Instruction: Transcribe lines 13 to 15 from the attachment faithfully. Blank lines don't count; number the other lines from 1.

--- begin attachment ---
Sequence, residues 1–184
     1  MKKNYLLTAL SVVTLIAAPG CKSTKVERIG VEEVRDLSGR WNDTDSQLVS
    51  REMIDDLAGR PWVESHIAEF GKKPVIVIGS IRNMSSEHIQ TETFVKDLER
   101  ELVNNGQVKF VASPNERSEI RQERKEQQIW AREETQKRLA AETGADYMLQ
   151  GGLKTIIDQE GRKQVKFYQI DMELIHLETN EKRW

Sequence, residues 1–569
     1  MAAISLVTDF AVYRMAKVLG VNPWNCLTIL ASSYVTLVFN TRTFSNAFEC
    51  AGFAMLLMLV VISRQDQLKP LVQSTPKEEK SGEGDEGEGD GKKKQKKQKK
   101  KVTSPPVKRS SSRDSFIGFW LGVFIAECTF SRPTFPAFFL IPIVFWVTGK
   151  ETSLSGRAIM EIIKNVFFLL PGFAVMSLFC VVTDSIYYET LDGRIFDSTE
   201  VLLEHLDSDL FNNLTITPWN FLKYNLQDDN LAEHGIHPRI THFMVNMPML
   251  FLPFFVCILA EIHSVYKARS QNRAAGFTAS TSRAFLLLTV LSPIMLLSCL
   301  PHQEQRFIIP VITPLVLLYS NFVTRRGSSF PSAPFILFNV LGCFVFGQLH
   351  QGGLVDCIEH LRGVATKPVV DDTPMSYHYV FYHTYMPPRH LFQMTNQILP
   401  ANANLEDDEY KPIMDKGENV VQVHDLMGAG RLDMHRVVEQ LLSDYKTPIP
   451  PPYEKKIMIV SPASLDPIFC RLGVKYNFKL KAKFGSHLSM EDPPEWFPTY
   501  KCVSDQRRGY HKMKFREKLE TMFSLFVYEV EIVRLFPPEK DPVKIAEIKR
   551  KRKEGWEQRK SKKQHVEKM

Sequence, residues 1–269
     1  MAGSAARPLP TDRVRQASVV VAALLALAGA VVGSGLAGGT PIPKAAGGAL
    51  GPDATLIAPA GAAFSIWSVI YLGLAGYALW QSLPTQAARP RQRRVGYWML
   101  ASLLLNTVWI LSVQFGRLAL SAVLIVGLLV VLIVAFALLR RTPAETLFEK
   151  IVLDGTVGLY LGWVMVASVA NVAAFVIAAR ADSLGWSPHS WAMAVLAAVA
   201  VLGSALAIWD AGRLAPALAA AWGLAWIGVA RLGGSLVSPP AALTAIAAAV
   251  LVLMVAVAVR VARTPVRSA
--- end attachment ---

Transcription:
   301  PHQEQRFIIP VITPLVLLYS NFVTRRGSSF PSAPFILFNV LGCFVFGQLH
   351  QGGLVDCIEH LRGVATKPVV DDTPMSYHYV FYHTYMPPRH LFQMTNQILP
   401  ANANLEDDEY KPIMDKGENV VQVHDLMGAG RLDMHRVVEQ LLSDYKTPIP